Fed raises rates by 75 basis points – here’s why it’s not all doom and gloom for investors

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In a widely anticipated move on Wednesday, the Federal Reserve concluded its two-day policy meeting by announcing a third consecutive 75 basis point rate hike, raising borrowing costs to the highest level since the Great Recession.

Following the news, stocks immediately fell into volatile trading and bond yields continued to climb in anticipation of more rate hikes. The yield on 2-year Treasuries surpassed 4% for the first time since 2007 on Wednesday, while 10-year Treasuries hit 3.6% earlier this week, the highest level since 2011.

What does it all mean for investors? In short, not much if they think about a long-term vision. “While long-term opportunities are turning more favorable in terms of stocks falling to better valuations, short-term opportunities favor high risk” as the Fed continues to hike rates, with “stormy seas” ahead said James Stack, president of InvestTech Research and Stack Financial Management.

As investors try to figure out how high the central bank will raise interest rates and how that could affect the economy, many eyes are on the “final interest rate,” or the point at which central bank officials believe they can stop raising interest rates. The central bank now forecasts that the federal funds rate will reach 4.4% by the end of this year and 4.6% by the end of 2023. That is higher than the earlier forecast of 3.4% and 3.8% respectively.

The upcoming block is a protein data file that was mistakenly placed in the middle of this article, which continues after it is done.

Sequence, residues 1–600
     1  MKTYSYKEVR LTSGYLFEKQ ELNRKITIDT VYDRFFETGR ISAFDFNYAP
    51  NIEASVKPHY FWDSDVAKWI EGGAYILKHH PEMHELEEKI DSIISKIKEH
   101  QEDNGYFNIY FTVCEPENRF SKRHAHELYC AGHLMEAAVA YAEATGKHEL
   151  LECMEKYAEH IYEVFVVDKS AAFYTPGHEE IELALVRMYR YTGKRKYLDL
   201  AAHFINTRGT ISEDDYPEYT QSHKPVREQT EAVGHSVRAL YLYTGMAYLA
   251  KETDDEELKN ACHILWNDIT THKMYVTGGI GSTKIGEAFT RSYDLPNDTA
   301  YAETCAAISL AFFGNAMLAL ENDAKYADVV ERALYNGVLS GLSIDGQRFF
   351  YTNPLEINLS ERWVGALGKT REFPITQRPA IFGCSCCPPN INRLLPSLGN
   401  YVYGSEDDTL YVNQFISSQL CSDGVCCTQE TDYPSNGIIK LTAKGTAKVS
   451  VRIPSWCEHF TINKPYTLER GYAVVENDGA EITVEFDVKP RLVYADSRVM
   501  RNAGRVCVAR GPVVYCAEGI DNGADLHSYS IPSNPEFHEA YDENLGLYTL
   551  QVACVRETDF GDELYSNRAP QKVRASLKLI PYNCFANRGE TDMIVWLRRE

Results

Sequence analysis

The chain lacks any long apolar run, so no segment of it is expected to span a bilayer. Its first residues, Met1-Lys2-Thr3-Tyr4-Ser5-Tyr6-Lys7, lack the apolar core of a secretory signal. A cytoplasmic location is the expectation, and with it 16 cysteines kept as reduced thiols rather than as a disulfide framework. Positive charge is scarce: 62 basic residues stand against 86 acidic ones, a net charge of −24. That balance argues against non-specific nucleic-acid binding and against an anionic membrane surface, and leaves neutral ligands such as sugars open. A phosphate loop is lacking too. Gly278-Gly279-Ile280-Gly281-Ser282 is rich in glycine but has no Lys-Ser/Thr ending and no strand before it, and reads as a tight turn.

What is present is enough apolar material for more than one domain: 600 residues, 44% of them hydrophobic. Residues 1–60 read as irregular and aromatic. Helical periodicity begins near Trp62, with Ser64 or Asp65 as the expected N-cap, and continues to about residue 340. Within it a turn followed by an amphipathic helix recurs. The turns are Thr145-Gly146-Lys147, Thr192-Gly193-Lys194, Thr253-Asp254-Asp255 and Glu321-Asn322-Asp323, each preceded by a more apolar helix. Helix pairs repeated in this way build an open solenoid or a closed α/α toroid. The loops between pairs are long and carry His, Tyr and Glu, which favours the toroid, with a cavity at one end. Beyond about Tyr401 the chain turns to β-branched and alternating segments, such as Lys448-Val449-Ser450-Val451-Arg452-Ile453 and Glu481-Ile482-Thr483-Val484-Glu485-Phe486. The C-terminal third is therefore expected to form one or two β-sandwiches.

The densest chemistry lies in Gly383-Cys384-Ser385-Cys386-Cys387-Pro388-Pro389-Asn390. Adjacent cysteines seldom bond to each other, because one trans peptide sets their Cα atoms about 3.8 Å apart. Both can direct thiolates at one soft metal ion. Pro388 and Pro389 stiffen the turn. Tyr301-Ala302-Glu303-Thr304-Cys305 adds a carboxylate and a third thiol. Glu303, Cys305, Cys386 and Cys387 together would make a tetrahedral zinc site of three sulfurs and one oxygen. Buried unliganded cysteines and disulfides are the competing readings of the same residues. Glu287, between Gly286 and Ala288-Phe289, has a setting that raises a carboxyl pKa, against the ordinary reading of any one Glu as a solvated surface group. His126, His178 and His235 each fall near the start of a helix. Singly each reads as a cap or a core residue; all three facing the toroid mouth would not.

“At this point in the tightening process, we think the ceiling is much more important than the pace — the market wants to know where the Fed is going, not how fast it plans to get there,” said Adam Crisafulli, founder of Vital Knowledge.

There is good news for investors who can weather short-term volatility and stay focused on long-term opportunities, experts say. In addition, the year following a midterm election has been the best for the markets historically, with the S&P 500 up 16% on average, according to CFRA data.

While markets will struggle through the year, “history shows improved market performance after midterm elections, so we encourage investors to keep focused allocations,” said John Lynch, chief investment officer for Comerica Wealth Management.

While he predicts equities are likely to retest their lows in June — especially given the alarming headlines surrounding the election and war in Ukraine, investors still need to understand the importance of sticking to focused allocations for the long term, Lynch argues. “Markets can be volatile, but they often prove resilient to patient investors,” he adds.

In the short term, however, investors can expect a historically volatile period for the markets as midterm elections loom in November. The second year of a presidential cycle yields the lowest average S&P 500 return at just 4.9%, with average declines of 1.8% and 0.5% in the second and third quarters, respectively, according to CFRA Research. Market volatility is typically 70% higher than the average for all other quarters in the four-year presidential cycle.

Stack’s advice to investors: be patient, hold positions and focus on defensive sectors such as utilities, which have less downside risk in a downturn. “It’s important to stay focused on the long term and remain optimistic – there will be another side to this valley, but it would also be dangerous to put the short-term risk of tighter Fed policy on both the economy and the bloated housing market,” Stapel says. In the meantime, investors must “maintain the defense and keep the powder dry” for future opportunities.

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